How JustAnswer Works:
  • Ask an Expert
    Experts are full of valuable knowledge and are ready to help with any question. Credentials confirmed by a Fortune 500 verification firm.
  • Get a Professional Answer
    Via email, text message, or notification as you wait on our site.
    Ask follow up questions if you need to.
  • 100% Satisfaction Guarantee
    Rate the answer you receive.
Ask Dr John B Your Own Question
Dr John B
Dr John B, Psychologist
Category: Mental Health
Satisfied Customers: 557
Experience:  PhD in Clinical Psychology, registered clinical psychologist.
Type Your Mental Health Question Here...
Dr John B is online now
A new question is answered every 9 seconds

My son who is 26 yrs old has being diagnosed with OCD and psychosis.

This answer was rated:

My son who is 26 yrs old has being diagnosed with OCD and psychosis. When he has a crisis it usually envolves homosexual thoughts that bother him greatly.....he fears that he may be gay. Is there any truth to this, or does this stem from a experiemental episode that occurred when he was a adolescent 8-12yrs old?


Sorry to hear of the situation. OCD involving obsessive thoughts around sexual orientation is actually a reasonably common form of the disorder. I would imagine that an early experience may increase the likelihood of these kinds of obsessions forming (just as actually exposure to bacterial infection can increase the likelihood of contamination obsessions). It is very common for the obsessions & rituals associated with OCD to vary/change over time and so it does sound very much like you are describing the ongoing development of OCD. Obviously none of this excludes the possibility of actual sexual identity crisis but from what you describe it is entirely possible that this is all OCD related.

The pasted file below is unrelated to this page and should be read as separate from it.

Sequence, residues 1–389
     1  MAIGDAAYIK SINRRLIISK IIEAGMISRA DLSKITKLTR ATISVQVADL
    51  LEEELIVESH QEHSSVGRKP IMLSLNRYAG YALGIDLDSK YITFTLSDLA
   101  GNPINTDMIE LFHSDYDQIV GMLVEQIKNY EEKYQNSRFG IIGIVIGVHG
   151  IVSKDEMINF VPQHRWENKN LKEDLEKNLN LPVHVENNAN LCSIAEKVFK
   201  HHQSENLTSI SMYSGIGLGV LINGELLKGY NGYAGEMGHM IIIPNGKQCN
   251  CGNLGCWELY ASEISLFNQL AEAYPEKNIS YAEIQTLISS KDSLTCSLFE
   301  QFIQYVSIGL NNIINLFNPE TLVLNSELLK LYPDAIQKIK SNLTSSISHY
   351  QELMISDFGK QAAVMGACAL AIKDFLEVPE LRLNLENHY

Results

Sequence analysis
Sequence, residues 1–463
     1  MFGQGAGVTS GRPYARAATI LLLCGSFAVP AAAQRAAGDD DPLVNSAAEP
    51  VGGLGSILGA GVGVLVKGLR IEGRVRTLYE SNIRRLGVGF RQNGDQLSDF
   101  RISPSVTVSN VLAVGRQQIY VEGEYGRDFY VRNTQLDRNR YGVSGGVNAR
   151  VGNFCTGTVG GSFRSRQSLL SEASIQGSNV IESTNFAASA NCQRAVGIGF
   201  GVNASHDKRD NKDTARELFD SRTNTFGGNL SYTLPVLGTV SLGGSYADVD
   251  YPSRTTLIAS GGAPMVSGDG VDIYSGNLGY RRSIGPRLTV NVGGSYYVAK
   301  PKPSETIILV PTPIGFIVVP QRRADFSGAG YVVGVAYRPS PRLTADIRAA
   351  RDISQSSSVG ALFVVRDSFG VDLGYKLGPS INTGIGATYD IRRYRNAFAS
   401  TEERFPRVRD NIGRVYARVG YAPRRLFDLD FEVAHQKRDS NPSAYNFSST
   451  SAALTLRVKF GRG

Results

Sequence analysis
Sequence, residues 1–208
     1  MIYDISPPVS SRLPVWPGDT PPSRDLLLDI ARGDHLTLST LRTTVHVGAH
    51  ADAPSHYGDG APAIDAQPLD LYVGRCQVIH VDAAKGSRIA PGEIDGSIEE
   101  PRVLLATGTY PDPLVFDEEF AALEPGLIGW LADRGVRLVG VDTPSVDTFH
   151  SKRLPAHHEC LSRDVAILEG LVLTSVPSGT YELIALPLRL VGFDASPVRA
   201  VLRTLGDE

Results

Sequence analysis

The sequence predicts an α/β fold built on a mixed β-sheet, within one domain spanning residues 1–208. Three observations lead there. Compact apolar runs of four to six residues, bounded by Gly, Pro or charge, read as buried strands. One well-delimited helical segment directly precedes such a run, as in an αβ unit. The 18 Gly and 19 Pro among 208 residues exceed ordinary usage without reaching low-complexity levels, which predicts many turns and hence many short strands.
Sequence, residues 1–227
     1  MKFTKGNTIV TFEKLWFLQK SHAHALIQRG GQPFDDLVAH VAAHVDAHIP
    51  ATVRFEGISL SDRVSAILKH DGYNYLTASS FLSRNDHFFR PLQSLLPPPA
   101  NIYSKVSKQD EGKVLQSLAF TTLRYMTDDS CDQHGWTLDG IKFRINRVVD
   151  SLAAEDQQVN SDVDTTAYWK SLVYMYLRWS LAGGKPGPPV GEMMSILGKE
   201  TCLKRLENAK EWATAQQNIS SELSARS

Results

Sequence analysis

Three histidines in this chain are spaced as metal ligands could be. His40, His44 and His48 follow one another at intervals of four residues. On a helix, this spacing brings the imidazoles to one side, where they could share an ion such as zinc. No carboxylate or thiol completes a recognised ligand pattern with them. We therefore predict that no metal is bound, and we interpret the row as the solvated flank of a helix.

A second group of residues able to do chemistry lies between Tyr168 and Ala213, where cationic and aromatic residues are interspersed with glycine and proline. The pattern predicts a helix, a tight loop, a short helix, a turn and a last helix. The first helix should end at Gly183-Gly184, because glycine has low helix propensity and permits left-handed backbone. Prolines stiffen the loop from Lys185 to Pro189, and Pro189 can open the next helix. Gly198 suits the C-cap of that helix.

I will pause here and wait for any response you might have to what I have written so far.

Customer: replied 4 years ago.
Relist: Incomplete answer. He needs reassurance that he is not gay. What other signs or symtoms might we look for that would assure us and him that he is not gay, other then the obvious behavior. He get furious when we even suggest that it's ok to be gay. Accordding to him the thoughts are really graphic but unrealistic and won't go away, even with reassurance that thought never really happen.


Just to clarify, my previous post was not meant as a full answer I was pausing to wait for your to read what I had written so far and then respond with further questions, etc. This can be an ongoing conversation and I won't attempt finalize my answer until your are happy that I have answered any & all questions you have.

So, the dilemma faced in this situation is that obsessions within the context of OCD is very much focused around uncertainty - questions or possibilities that it is very hard to ever be sure about. This is the nature of the disorder and makes the provision of reassurance nearly always futile. Individuals suffering from OCD become obsessed about the possibility of something and feel driven to seek certainty - which is usually possible to obtain.